2015 was the "worst year in modern history for Christian persecution," according to Open Doors, a human rights organization that has been documenting the persecution of Christians since 1955.
According to its latest data, more than 7,000 Christians were killed for their faith in 2015 — almost twice as many as in 2014. In addition, more than 2,400 churches were attacked, damaged or destroyed — again, more than double the number of the previous year.
In the words of Open Doors' CEO, David Curry:
The 2016 World Watch List [which ranks the 50 nations where Christians are most persecuted] documents an unprecedented escalation of violence against Christians, making this past year the most violent and sustained attack on Christian faith in modern history. ... This research has concluded that after the brutal persecution of Christians in 2014, 2015 proved to be even worse with the persecution continuing to increase, intensify and spread across the globe. ... The level of exclusion, discrimination and violence against Christians is unprecedented, spreading and intensifying.
Who or what is behind these unprecedented levels of persecution? Some of it is related to the tendency of non-Western nations to associate Christianity with the "hated West." Four are Communist nations — Vietnam (ranked #20), Laos (#29), China (#33), and North Korea (#1), where "Christianity is not only seen as 'opium for the people,' as is normal for all communist states, it is also seen as deeply Western and despicable," notes the report. Three are reclaiming their religious heritage in contradistinction to what is portrayed as a depraved West — Hindu India (#17), Buddhist Bhutan (#38) and Myanmar (#23). And two — Mexico (#40) and Columbia (#46) — are fueled by organized crime and drug cartels.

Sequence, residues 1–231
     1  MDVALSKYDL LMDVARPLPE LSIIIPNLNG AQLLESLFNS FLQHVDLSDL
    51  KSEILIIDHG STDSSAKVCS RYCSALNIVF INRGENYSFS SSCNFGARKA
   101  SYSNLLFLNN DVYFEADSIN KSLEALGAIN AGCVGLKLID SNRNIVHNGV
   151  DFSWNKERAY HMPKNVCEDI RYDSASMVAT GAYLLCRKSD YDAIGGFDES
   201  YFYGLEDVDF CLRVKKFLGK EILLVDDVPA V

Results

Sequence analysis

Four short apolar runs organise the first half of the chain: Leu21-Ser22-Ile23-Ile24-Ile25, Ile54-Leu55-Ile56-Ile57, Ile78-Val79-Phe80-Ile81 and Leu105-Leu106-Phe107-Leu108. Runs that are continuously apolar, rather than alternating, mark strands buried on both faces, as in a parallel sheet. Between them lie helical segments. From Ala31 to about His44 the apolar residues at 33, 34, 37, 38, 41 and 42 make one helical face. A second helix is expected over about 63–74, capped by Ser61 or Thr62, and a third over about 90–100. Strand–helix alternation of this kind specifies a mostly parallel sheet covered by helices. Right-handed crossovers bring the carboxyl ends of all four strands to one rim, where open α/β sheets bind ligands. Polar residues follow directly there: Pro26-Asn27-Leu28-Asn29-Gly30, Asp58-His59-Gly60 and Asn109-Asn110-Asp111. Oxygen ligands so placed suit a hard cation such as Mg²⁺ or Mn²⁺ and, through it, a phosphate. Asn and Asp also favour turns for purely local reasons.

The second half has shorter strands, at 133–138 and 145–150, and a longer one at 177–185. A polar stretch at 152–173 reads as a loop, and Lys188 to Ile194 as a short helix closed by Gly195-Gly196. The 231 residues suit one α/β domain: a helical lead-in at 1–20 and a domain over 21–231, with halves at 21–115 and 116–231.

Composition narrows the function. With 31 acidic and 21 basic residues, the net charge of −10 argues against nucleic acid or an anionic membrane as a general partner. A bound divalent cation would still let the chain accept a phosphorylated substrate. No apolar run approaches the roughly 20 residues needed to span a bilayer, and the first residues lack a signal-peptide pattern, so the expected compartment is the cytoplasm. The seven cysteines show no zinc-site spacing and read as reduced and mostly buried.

"Islamic extremism" is cited as the source of persecution for the remaining 41 nations that make the list of 50 worst persecutors of Christians. North Korea aside, the rest of the eight nations where Christians experience the worst form of persecution ("extreme persecution") are all Islamic. In 35 nations, Islamic extremism "has risen to a level akin to ethnic cleansing" of Christians.
A close examination of the report indicates that something else stands behind this rise of genocidal "Islamic extremism": U.S. foreign policy. In every Muslim nation where the U.S. has intervened in the name of "freedom and democracy," Christian life has exponentially worsened. Put differently, those who most despise "freedom and democracy" — radical and jihadi Muslims — tend to be the ones most empowered by U.S. foreign policies.
Iraq today, according to the report, is the second worst nation in the world in which to be Christian. Afghanistan is fourth, Syria fifth, and Libya tenth. A decade ago, none of these countries even made the top 10 list. Syria and Libya — when they were ruled by secular autocrats who were eventually demonized by U.S. politicians and media, and then underwent U.S. intervention — did not even make the top 20.